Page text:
Second Run have offered Black Snow in a standard, clear-cased presentation with the company's signature minimalist artwork. Inside, a Booklet contains production credits for this home video presentation, and a lengthy information piece on Xie Fei composed by Shaoyi Sun. Please note that this DVD is region-free but encoded in the PAL format, so makes certain that your television and/or DVD player are capable of displaying this content before purchasing.
Video and Audio:
After recently being surprised by Second Run's presentation of The Valley of the Bees, it doesn't come as much of a surprise that Black Snow looks rather good -- though not nearly as pristine as their effort with the Czech director's '60s-era film. Framed at 1.33:1 and carrying highly accurate color timing, the real flaw that stands out from this transfer comes in the persistent print damage. Speckles, hairline debris, and other signs of a lack of restorative effort clutter the otherwise satisfying picture, while keeping a focused eye on film grain and textural integrity -- jean jacket fabric, wisps of smoke, and brick roughness.
Naturally, the only key elements on the audio side of Black Snow come in dialogue audibility and the musical numbers, which both function well enough for the purpose in this restored Mono. Dialogue's naturally a rough and thin, and doesn't align with the image in a few spots, but it's enunciated and stable to an agreeable degree. A few elements, like the patter of footsteps, actually sound a lot better than expected, while the stream of audio holds a firm, low-distortion stream throughout. What's problematic are the subtitles, not because of the content itself but because of a white bar that appears below the text throughout. It only pops up when subs are on-screen, which essentially means a screen-long bar pops on and off throughout the entire film. Look below for an example:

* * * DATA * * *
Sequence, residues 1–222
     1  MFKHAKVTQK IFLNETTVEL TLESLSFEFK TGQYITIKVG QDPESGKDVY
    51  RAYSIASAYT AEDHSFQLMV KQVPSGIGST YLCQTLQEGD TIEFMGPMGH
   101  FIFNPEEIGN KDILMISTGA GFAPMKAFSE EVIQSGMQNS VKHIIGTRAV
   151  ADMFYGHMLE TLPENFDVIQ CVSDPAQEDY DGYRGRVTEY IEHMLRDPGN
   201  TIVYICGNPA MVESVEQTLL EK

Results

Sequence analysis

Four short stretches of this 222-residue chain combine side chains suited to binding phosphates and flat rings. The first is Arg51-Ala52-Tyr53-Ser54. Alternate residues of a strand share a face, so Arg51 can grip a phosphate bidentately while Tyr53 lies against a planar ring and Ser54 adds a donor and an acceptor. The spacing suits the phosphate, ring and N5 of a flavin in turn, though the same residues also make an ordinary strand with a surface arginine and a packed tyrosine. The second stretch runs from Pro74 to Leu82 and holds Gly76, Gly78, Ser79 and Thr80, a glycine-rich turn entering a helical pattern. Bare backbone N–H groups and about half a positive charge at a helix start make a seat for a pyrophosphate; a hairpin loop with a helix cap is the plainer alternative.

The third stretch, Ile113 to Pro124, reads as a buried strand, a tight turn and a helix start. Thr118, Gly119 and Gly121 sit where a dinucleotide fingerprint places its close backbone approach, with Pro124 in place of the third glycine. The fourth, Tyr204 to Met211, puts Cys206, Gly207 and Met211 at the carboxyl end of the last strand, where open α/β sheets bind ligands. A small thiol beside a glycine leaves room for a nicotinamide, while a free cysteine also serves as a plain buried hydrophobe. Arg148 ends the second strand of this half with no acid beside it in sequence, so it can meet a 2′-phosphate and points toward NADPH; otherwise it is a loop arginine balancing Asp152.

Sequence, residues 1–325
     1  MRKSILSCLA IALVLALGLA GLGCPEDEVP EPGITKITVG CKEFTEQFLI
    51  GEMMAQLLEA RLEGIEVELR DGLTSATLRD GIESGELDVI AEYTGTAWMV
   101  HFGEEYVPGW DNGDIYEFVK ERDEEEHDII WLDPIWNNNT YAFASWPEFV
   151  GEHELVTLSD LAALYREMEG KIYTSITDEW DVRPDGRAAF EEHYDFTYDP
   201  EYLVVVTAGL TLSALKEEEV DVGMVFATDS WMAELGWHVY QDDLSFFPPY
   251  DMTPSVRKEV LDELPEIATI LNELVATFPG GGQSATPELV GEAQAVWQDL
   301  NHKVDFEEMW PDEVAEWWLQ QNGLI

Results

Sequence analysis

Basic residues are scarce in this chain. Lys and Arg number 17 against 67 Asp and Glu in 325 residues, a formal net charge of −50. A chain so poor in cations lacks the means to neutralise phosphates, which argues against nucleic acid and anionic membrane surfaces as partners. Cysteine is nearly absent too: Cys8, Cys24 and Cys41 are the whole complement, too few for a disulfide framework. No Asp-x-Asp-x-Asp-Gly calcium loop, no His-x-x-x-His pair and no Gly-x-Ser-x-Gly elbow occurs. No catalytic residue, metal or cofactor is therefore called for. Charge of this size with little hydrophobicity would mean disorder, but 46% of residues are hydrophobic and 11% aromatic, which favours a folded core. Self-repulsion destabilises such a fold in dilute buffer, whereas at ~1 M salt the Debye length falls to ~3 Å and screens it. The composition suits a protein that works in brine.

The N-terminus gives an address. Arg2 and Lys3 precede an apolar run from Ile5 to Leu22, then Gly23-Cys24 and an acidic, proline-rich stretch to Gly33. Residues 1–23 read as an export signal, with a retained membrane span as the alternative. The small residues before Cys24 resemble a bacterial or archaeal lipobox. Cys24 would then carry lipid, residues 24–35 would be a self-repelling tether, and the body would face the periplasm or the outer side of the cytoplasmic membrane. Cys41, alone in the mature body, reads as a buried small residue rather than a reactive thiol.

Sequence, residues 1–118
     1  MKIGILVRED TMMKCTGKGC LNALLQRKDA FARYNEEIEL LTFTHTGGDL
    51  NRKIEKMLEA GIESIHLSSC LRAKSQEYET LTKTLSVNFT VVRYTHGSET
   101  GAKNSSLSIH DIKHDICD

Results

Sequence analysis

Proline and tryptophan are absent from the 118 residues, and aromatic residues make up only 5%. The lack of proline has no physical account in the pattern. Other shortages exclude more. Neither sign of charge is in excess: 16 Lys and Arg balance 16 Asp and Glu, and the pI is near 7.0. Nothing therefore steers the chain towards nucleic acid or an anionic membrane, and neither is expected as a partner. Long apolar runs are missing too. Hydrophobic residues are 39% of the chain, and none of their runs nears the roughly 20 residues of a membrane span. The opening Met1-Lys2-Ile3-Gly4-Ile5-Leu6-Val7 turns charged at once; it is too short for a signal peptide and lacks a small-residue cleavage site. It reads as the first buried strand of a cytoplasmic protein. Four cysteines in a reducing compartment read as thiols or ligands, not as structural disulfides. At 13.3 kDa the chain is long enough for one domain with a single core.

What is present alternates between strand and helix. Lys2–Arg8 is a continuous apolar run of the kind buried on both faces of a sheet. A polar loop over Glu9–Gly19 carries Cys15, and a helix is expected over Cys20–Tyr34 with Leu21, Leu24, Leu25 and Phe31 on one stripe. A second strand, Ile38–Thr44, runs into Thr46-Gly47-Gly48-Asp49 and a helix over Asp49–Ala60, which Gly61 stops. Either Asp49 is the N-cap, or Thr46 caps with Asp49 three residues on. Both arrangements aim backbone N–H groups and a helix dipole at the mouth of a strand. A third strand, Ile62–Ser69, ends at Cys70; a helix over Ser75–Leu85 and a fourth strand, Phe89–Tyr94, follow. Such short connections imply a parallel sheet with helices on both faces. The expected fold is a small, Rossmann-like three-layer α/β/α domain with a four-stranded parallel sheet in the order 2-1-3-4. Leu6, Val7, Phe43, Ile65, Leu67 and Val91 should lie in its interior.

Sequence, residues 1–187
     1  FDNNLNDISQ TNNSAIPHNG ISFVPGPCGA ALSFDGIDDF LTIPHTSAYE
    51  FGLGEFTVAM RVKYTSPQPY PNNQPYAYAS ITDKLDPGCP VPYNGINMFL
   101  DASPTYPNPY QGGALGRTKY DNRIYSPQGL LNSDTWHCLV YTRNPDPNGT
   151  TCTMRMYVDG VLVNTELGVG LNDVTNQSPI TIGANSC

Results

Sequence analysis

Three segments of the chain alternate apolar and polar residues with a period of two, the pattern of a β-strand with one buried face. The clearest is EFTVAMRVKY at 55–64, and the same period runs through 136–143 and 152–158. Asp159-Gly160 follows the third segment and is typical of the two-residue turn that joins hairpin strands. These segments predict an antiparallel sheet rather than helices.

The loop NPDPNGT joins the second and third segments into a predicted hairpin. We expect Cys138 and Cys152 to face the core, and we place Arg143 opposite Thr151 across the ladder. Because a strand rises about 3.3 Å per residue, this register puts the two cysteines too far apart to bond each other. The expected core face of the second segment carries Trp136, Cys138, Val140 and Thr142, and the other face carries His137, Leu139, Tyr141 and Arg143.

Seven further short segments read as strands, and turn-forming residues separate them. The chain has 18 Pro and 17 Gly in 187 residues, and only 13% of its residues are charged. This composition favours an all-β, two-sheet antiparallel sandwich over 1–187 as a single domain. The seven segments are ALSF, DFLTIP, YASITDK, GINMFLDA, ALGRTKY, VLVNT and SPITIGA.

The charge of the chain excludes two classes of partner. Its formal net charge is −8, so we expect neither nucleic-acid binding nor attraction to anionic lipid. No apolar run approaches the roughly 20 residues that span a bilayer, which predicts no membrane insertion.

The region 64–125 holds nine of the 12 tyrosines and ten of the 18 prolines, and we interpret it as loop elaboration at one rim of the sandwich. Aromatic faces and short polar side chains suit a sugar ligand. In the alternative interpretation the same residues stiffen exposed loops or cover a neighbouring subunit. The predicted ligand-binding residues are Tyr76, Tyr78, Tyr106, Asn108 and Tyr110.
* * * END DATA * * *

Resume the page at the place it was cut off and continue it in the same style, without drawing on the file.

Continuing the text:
Typically, Second Run rarely includes anything beyond liner notes in their presentations -- as they have here, including some "random thoughts" on Xie Fei by Shaoyi Sun. However, we've also got a nice addition in the form of an Interview with Xie Fei (31:50, 4x3), where he delves into the history of his life and his filmmaking ventures. It's assuredly a piece that's general enough to likely be included in Second Run's eventual release of the director's first film, A Girl from Hunan.
Though the picture's integrity as a document of a convict's struggle in late-'80s Beijing impresses, along with Jiang Wen's performance as the lead, Xie Fei's Black Snow has a tendency of allowing its brooding smoke-fueled scenes and nightclub songs to linger excessively. In that, the morally-torn material outside of its colorful, moody midsection offers mundane character interaction around an overly familiar premise -- the reformed anti-hero. Second Run's disc serves up a lukewarmly Recommended disc amid a speckled but satisfying image.